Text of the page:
It is common for people who are about to go in for surgery to be nervous. Who wouldn’t be nervous? Surgery is inherently a scary prospect, as someone performs a procedure that is intended to help you — but a mistake could cause immeasurable harm. Consoling and reassuring a nervous surgery patient that their procedure will go well happens all the time, and for the most part, this sentiment is true. However, complications from surgery do occur (just like surgical errors themselves), and they can cause a patient a lot of pain.
According to a recent study about outpatient surgery (surgery that doesn’t require a patient to remain in a hospital overnight), roughly 0.5 percent of more than 284,000 outpatient procedures resulted in the patient suffering a surgery site infection. The sample procedures were taken from eight states, of which Kentucky was not included — but the size of the study certainly establishes a figure that would likely be the expected rate for most states.
Outpatient surgery is a very common procedure in the United States, making this new study especially important. But what about inpatient surgery? Well, another study provided a glimpse into how costly it can be when inpatient surgeries go wrong. This other study found that 400,000 additional days were spent in the hospital by inpatient surgery recipients who suffered infections as a result of the surgery. The costs for these complications equaled $900 million.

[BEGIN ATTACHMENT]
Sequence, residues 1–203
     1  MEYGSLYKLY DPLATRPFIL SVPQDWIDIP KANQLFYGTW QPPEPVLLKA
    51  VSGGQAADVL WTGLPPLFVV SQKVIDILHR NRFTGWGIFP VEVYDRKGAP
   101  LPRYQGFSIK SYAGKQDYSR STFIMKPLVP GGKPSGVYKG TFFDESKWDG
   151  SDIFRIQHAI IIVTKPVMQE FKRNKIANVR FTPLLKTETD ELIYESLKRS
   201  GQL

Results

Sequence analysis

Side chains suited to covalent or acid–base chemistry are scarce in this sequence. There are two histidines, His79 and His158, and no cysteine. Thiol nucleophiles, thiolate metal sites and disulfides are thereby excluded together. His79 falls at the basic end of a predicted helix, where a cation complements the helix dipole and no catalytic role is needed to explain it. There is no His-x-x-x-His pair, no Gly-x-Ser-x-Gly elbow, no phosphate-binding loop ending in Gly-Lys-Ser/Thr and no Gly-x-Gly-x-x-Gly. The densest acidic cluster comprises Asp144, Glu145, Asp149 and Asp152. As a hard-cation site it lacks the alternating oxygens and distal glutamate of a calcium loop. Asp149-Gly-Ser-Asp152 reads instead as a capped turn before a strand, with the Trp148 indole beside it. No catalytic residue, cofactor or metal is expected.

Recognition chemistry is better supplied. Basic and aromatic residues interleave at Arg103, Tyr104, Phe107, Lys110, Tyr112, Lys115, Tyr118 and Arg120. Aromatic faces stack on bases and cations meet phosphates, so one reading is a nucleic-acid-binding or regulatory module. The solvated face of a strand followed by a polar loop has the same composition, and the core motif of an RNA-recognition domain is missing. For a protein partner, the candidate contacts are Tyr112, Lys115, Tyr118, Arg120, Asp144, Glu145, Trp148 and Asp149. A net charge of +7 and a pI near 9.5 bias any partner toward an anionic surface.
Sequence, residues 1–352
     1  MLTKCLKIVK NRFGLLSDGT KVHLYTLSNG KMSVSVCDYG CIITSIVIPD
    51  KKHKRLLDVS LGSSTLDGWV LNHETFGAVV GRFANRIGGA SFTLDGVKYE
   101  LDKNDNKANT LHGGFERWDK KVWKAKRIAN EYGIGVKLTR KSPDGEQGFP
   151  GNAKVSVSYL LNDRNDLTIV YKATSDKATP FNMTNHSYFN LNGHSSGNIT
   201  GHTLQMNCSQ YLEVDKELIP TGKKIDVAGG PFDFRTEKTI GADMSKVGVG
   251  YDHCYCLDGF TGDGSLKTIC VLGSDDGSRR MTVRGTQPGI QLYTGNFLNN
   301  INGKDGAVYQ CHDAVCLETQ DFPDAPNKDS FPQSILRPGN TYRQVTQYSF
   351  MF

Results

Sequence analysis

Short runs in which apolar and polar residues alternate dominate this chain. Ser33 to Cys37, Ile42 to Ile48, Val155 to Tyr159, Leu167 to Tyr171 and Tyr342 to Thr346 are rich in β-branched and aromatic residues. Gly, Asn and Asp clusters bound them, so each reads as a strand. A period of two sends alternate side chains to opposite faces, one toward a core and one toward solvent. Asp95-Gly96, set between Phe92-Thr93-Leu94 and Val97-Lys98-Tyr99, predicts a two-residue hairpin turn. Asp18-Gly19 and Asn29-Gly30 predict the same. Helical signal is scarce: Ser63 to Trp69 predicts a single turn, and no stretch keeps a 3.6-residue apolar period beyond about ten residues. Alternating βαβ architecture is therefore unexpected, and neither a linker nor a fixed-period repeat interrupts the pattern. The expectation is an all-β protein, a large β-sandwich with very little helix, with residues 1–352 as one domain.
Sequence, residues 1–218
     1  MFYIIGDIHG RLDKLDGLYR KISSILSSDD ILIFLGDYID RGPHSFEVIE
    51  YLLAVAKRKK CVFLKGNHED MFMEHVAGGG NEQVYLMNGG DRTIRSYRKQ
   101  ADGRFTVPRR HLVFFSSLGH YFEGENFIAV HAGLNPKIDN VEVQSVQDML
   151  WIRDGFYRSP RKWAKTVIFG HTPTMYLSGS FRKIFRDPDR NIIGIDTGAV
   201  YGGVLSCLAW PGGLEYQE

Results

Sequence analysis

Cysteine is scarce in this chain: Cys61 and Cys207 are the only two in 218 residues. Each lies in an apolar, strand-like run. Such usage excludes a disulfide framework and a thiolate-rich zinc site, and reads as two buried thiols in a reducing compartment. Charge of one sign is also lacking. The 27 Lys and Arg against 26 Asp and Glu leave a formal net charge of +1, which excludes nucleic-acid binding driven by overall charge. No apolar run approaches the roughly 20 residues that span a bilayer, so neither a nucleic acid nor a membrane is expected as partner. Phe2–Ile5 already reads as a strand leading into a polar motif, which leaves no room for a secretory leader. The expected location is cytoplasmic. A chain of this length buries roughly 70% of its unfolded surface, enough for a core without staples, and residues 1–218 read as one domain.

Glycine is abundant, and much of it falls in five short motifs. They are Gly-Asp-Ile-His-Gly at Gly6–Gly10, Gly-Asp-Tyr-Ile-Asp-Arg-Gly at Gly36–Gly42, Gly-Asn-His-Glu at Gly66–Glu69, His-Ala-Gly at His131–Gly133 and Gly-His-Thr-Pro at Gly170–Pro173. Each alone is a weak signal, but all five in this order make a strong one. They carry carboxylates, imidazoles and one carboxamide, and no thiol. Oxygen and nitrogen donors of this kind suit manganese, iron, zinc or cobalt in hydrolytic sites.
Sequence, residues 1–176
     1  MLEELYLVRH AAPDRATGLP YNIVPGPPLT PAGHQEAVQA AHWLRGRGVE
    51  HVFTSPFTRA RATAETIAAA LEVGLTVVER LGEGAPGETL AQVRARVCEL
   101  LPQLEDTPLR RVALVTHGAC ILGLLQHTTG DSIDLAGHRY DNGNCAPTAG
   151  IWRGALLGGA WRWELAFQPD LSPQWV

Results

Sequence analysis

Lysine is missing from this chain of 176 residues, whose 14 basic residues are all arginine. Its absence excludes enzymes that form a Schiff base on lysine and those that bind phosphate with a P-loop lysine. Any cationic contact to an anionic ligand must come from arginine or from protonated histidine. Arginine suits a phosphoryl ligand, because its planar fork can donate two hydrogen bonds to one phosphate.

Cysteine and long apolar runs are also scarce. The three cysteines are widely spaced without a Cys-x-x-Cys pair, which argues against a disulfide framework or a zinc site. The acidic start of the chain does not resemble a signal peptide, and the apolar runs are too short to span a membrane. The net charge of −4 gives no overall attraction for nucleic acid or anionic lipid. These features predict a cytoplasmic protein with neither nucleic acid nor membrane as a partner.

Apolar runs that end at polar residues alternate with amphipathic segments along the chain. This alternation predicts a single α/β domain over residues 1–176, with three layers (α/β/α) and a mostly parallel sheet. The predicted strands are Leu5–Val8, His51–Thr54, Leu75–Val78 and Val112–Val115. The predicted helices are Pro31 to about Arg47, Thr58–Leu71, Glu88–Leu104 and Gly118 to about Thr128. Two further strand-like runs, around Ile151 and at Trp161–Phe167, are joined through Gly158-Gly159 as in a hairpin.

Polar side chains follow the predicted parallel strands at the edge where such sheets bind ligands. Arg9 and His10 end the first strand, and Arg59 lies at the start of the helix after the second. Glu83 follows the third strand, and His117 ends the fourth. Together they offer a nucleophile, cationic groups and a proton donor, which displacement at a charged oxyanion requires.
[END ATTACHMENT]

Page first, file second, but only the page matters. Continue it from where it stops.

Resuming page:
It’s no surprise that surgical errors are costly, both in financial and personal terms. However, that scope may be larger than most people expect. Anyone who has been affected by a surgical error should consult with an attorney to see if their case warrants a medical malpractice suit.
Source: Modern Healthcare, “Surgical site infections after outpatient surgery rare, but still a risk, study finds,” Sabriya Rice, Feb. 21, 2014